I am the girlfriend of 6 years to a wonderful, kind, gentle, giving man who has MS. He was diagnosed in 2006. He has RRMS, although it seems to be more than that lately! He walks with a cane full time, has huge foot drop issues and major cognitive issues.
My Grandmother also had MS all of her adult life. I knew what was wrong with my bf before he did! I prayed that I was wrong though. (If only I could hug the MS out of him)
I would love to connect with other caregivers and family who need to chat, yell, cry or laugh. WE need to support eachother as much as the MS community needs to support eachother.
This thread seems so lacking in topics and replies. Let's change that! Come on in and start posting, let's help eachother. I know I could sure use someone to talk to!
Liberation surgery was Dec 19, 2010 in Costa Mesa, California and there have been no significant changes. Better circulation so she is warmer, less tremors, that's about it. Hoping for more.
I am a private person so finding somewhere to vent would be a great relief.
I am the wife of my dear hubby - we'll be married for 29 years this May - I married him knowing that "something was wrong". He was diagnosed after we'd been married for 10 years, but had symptoms (balance problems, optic neuritis, fatigue) all along.
The first doctor told him he didn't have MS because he was male and the wrong race. Well we all know how that story ended. He started out with rrms and now has spms. He is progressing pretty slowly, though - his neuro is always telling him how good he looks.
I think the biggest thing about this disease is that we both miss our independence. Not that that was such a big thing, but he misses being able to go and get things for himself - hates having to ask for help all the time. And I miss being able to go to the store and without worrying if he's okay at home until I get back.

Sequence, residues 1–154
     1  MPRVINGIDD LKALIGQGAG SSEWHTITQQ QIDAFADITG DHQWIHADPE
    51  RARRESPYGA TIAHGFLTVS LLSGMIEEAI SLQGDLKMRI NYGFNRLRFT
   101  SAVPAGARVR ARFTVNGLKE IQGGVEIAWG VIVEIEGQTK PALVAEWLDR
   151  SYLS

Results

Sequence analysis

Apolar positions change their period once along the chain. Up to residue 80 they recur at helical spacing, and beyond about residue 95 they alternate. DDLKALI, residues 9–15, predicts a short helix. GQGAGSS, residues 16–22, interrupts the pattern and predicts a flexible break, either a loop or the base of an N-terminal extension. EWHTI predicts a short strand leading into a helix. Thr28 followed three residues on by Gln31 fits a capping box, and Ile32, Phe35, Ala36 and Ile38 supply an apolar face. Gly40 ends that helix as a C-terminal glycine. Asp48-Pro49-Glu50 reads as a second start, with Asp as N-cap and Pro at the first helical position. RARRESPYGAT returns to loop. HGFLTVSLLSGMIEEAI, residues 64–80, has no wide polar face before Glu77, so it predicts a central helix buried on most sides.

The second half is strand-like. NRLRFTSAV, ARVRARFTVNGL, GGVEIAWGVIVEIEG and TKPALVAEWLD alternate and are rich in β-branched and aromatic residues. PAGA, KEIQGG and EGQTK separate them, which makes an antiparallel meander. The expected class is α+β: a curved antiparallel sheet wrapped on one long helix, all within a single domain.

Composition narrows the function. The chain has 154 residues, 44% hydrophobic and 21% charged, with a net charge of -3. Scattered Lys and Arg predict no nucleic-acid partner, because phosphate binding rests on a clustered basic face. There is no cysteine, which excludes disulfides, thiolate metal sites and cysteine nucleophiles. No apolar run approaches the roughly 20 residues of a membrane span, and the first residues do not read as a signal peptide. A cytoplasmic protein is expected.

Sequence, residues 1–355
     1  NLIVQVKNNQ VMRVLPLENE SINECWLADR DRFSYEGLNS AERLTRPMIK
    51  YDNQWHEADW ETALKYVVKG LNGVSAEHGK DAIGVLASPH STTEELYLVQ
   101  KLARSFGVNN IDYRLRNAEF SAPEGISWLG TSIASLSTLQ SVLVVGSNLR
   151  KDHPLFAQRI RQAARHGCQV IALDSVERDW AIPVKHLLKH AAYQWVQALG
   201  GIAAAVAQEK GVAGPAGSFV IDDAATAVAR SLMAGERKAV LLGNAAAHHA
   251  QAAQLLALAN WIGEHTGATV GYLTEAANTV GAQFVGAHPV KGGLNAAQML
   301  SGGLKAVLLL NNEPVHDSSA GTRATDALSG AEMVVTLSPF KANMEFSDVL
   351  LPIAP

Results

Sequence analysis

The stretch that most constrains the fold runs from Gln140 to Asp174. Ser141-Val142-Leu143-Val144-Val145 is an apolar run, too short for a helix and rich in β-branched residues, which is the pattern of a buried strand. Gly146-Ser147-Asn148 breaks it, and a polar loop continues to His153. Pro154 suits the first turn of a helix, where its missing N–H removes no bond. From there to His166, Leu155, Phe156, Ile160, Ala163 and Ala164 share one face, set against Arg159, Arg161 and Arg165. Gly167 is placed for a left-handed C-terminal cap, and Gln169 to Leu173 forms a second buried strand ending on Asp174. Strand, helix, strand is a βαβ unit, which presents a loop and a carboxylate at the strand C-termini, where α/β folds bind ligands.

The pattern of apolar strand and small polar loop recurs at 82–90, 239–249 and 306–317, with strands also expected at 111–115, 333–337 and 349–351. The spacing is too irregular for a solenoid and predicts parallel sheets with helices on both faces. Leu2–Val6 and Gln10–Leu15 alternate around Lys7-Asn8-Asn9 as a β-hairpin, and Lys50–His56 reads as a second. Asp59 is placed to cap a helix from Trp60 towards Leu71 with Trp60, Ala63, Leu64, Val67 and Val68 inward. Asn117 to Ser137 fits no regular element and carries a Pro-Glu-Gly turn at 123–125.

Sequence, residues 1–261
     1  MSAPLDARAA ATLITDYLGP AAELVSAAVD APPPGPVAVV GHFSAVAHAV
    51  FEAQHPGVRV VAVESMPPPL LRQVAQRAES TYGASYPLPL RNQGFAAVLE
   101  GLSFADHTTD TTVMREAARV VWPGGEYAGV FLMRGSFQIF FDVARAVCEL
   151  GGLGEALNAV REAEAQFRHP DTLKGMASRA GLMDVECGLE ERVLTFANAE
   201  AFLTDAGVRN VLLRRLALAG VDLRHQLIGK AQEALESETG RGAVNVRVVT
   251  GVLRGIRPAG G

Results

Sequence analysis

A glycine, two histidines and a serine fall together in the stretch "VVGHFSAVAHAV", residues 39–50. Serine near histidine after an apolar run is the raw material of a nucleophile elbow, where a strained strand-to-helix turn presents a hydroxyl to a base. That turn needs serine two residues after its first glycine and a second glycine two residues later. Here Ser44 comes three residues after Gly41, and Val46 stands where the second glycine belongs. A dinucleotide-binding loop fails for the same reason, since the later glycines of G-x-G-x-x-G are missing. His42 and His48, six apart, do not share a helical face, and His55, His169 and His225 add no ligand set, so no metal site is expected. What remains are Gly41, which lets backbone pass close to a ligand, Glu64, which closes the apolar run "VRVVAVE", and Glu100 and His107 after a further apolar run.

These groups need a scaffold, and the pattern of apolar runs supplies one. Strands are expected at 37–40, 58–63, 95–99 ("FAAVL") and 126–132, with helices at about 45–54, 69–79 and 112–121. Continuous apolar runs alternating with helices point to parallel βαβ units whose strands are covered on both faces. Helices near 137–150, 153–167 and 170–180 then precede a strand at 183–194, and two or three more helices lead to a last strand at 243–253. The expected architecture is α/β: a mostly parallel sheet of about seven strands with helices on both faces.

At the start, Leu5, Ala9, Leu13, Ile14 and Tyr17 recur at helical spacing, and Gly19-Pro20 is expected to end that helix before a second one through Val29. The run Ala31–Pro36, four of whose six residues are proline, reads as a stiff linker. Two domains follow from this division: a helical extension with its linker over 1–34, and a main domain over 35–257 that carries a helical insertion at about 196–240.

We both have learned to cope with MS in our own way. In some ways though, each day is just as unpredictable as the ones that came before it.
In December last year he was well and walking unaided and it has progressed to this - the progression was initially rapid but seems to have plateaued recently.
Because the illness is undiagnosed we cannot predict the future.
I guess as a carer my main problem is sleeping. I worry incessantly. He also has trouble sleeping and has to get up a number of times during the night for the bathroom (which luckily he can still manage by himself). I usually have to help him get back into bed as he has trouble lifting his legs and rolling over. He also gets a violent leg trembling (I think they call it cronus) and spasms which often happen while he is asleep. Do people with MS get this too? It wakes us both up.
Generally I keep myself pretty busy with housework and looking after his needs and I don't mind at all. I like being busy - it stops me thinking too much and keeps me fit! I suspect my husband is suffering from some degree of depression and it's difficult sometimes to put on a happy face.
Any little tips and tricks that could make life better would be much appreciated.
(By the way, we live in Sydney Australia.)
I've been wanting to talk with other carers, especially ones whose partners are on the ABX treatment as Jase. I'd just be happy to talk to other carers in general, really. At times I feel like I'm losing it.
Anyone else out there like this?